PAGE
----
If an agreed Ireland is not in place before the centenary of partition what chance is there do you think of avoiding another conflict and a 32 county conflict at that?

  12. Scott Rutherford April 1, 2017 at 6:42 pm #

    “I was born a Shinner and I’ll die a Shinner”

    And doesn’t that just sum up NI politics perfectly. Our political persuasions are fed to us with our mothers milk. No rational or logic used to arrive at the point were you can honestly say, I believe this because I have weighed and measured the arguments for and against and have drawn my own conclusion with the brain god has given me.

    Instead of pondering over the policy’s and ideas we simply learn of all the arguments that our “tribe” and fight the political corner we have been ascribed with since birth.

    Christ people come out of your political bubble and try and at least approach things with a open mind and some civility.

    • giordanobruno April 1, 2017 at 11:20 pm #

      That is the line that jumped at out at me.
      How is one born a shinner?
      How can anyone have so little self respect that they pledge dedication to a political party for the rest of their lives regardless of what that party may do or try to do?
      Closed minds as you say. Very scary.
      Also, a relatively minor point in the face of such zealotry, ,but I think Colum Eastwood is a father so I fail to see why Michelle O’Neill being a mother is highlighted as some kind of advantage.
      He has just as much stake in the future of society here as she does.

    • Dominic Hendron April 2, 2017 at 2:21 am #

      Mike Nesbitt tried that Scott and I voted Unionist for the first time in my life because I believe there has to be some meeting on the way we live together here. The Unionist electorate appear to have rejected this which leaves both Colum and Mike out on a limb. Sinn Fein have a point in challenging that attitude. Another election will see a running to the trenches which solves nothing but exhibits the failure of NI. The ball is with political Unionism but they are not, it seems, able or willing to do anything remotely constructive with it. I do not believe Arlene Foster deserves to be First Minister.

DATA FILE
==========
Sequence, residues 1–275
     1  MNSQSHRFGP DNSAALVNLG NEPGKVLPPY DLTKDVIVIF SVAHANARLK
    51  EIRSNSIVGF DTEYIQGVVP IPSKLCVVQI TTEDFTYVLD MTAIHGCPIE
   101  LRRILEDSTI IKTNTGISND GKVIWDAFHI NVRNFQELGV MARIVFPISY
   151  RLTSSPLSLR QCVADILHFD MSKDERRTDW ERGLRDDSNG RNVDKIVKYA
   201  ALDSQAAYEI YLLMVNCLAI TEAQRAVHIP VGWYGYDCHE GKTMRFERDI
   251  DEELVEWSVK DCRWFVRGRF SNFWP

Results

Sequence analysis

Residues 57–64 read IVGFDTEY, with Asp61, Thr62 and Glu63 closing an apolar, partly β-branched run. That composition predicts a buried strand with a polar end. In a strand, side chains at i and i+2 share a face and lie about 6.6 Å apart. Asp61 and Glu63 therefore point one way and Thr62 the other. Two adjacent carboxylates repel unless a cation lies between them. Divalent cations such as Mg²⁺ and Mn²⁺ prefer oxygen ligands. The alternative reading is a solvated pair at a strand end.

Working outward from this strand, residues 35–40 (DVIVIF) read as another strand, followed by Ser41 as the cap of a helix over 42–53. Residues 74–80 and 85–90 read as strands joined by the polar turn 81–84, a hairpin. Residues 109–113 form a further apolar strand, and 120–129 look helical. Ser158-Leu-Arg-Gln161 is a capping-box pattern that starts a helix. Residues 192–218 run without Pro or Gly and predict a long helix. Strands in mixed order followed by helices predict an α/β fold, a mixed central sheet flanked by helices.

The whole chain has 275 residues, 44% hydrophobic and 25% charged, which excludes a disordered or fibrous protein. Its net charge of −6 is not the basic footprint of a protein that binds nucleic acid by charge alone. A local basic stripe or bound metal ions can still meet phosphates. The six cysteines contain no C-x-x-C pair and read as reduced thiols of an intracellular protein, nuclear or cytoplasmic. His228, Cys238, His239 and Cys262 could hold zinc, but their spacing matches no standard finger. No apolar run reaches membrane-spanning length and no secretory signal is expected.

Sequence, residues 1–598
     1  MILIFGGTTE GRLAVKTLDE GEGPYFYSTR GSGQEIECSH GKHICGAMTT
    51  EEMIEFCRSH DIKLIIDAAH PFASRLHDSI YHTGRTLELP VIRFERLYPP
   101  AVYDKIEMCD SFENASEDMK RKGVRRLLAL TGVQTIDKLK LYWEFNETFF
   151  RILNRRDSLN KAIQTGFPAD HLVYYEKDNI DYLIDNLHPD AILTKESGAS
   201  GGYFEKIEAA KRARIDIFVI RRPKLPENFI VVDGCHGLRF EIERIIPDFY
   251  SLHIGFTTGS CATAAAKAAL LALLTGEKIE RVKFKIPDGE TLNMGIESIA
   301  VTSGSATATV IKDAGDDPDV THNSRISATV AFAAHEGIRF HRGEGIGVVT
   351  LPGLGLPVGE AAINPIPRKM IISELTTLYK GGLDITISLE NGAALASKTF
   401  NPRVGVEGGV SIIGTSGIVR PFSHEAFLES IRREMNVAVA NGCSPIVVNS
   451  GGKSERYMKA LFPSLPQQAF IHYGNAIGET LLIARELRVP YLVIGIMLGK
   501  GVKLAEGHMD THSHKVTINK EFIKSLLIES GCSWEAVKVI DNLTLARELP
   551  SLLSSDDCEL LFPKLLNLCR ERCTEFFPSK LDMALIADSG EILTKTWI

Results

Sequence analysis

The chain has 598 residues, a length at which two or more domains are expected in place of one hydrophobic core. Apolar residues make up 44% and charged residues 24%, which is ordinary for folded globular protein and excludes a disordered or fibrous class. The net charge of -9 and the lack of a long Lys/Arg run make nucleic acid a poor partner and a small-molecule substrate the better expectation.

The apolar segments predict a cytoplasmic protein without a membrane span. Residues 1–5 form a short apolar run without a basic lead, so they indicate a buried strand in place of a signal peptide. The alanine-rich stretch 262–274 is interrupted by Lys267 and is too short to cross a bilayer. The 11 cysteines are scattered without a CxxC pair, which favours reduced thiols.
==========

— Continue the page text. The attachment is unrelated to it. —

13. michael c April 1, 2017 at 6:54 pm #

    All I can say that in my lifetime,I have followed many political trends from NICRA,to Republican Clubs to Peoples Democracy before arriving at the point that only the movement led by Gerry Adams encapsulates my political philosophy.

    • Scott Rutherford April 1, 2017 at 7:05 pm #

      And if you arrived there through careful consideration and still remain open to change your political persuasions if your beliefs change or new circumstances appear.

      Then I would say good on you michael c.

  14. jessica April 1, 2017 at 8:02 pm #

    Are you open to change your political persuasions Scott?

    Under what circumstances might you consider supporting a new agreed Ireland veering the whole of the island for example?

    • Scott Rutherford April 2, 2017 at 10:02 am #

      Jessica yes I believe I am, but I am no diffrent from anyone else that I can easily fall into th trap of blinding supporting or rejecting something because it were my “natural” political position should be. It’s something that I consciously try and guard against however. I try to stop take a breathe and approach things with a level head rather than a emotional response. I fail in it from time to time just like any other human but I try non the less.

      Yes I would vote for a UI if I believed it was in the best interests of the people of NI (that’s all the people not just th prods). It’s the people of NI I consider my kin.

      A few things that a new UI could have to attract me to it would be the following.

      Universal free healthcare
      Universal free education
      Separation of religion and education (Catholic governance of schools)
      More affordable housing
      A economic model built on more than simply being a tax haven for corporations.